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Romania's GDP to grow moderately as fiscal space shrinks, labour mkt tightens - World Bank

Romania's GDP to grow moderately as fiscal space shrinks, labour mkt tightens - World Bank Romania GDP, budget

BUCHAREST (Romania), October 9 (SeeNews) - Romania's economic growth is expected to moderate over the medium term in line with long-term potential, as the available fiscal space shrinks and the labour market increasingly tightens, the World Bank said on Wednesday.

Romania's real gross domestic product growth is seen accelerating from 4.1% in 2018 to 4.2% this year, the World Bank said in an Economic Update for Europe and Central Asia report. The economy is seen slowing down to 3.6% in 2020, and to 3.2% in 2021.

In its previous such report published in April, the World Bank predicted Romania's real gross domestic product growth will slow down to 3.6% this year, 3.3% in 2020, and 3.1% in 2021.

"The fiscal measures promoted in recent years coupled with the political uncertainty in the context of a series of elections will make it unlikely that the government will be able to firmly contain imbalances. In 2019, we expect inflation to stay elevated and the external deficit to continue widening," the World Bank said. 

The Romanian government will have difficulties keeping the budget deficit within 3% of GDP over the medium term and the newly promoted pension law and the planned public wage increases will put endemic pressure on the consolidated budget deficit and reduce the available fiscal space for investment, the World Bank warned.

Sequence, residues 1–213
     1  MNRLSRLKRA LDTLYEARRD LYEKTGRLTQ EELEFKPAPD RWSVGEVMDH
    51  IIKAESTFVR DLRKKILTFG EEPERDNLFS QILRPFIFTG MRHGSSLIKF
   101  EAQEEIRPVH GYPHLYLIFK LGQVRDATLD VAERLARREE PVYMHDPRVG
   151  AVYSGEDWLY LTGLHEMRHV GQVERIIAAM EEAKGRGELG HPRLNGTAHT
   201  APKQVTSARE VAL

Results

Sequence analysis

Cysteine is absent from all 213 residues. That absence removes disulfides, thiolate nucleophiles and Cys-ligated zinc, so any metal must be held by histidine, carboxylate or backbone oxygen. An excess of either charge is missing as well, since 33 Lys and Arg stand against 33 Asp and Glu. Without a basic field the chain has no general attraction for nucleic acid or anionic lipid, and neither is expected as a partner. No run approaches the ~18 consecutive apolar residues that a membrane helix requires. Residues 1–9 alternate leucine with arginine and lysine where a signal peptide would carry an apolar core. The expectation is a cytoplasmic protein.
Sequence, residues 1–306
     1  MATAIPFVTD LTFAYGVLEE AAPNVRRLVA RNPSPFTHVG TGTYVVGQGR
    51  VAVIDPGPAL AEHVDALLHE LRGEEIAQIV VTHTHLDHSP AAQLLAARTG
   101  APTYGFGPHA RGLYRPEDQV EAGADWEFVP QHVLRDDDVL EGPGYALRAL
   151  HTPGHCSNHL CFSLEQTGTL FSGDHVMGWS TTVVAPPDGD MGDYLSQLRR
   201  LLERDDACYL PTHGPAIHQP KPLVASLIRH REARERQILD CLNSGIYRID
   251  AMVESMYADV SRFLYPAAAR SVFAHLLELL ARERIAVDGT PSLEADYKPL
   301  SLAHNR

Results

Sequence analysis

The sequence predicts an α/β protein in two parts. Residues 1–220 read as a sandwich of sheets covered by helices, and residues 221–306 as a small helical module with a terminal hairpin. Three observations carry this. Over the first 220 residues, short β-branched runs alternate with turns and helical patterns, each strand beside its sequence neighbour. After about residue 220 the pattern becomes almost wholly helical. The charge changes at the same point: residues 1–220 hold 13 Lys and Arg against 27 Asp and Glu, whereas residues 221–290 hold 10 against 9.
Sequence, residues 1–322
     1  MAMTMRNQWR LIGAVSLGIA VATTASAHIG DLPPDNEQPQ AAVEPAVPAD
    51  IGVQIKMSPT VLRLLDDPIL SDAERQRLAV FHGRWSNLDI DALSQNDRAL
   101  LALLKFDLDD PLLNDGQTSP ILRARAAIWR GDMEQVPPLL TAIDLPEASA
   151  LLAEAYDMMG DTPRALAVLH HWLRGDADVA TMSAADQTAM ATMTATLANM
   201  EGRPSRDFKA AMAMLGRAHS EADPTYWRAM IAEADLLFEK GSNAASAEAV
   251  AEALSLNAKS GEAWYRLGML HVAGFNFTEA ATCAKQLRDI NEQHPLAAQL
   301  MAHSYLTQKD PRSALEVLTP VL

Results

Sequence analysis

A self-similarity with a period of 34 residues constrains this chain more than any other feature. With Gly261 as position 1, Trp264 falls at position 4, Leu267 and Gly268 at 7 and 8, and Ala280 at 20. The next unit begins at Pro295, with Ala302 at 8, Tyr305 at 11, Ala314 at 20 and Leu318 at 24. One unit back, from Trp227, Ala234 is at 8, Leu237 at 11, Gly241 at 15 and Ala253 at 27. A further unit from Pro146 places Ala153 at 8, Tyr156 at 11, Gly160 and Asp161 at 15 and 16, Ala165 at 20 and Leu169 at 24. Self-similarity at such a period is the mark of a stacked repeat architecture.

The widening of the fiscal deficit would push public debt to 39.5% of GDP at end-2021, from 36.6% in 2018, but Romania's public debt remains one of the lowest in the EU.

However, strong private consumption aided by the expansionary fiscal policy and continued growth in real wages, partly supported by minimum wage increases, should continue to boost real incomes and lead to further declines in poverty incidence, the report showed.

The uncertainty of fiscal policy coupled with the tightening labour market – amplified by emigration - could generate significant domestic adverse effects on growth and investment, the World Bank noted, adding that renewed efforts are needed to improve labour participation and to tackle the high unemployment among the youth and the low-skilled.

"Over the medium term, the focus of fiscal policy should be rebalanced from boosting consumption towards mobilizing investment, primarily from EU funds, to support a sustainable EU convergence path and social inclusion," the World Bank said.

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